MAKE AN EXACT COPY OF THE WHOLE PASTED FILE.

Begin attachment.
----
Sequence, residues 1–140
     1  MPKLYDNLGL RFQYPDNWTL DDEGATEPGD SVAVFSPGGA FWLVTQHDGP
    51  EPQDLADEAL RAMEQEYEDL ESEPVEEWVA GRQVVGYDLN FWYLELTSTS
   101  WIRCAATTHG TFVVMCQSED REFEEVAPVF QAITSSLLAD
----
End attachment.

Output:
Sequence, residues 1–140
     1  MPKLYDNLGL RFQYPDNWTL DDEGATEPGD SVAVFSPGGA FWLVTQHDGP
    51  EPQDLADEAL RAMEQEYEDL ESEPVEEWVA GRQVVGYDLN FWYLELTSTS
   101  WIRCAATTHG TFVVMCQSED REFEEVAPVF QAITSSLLAD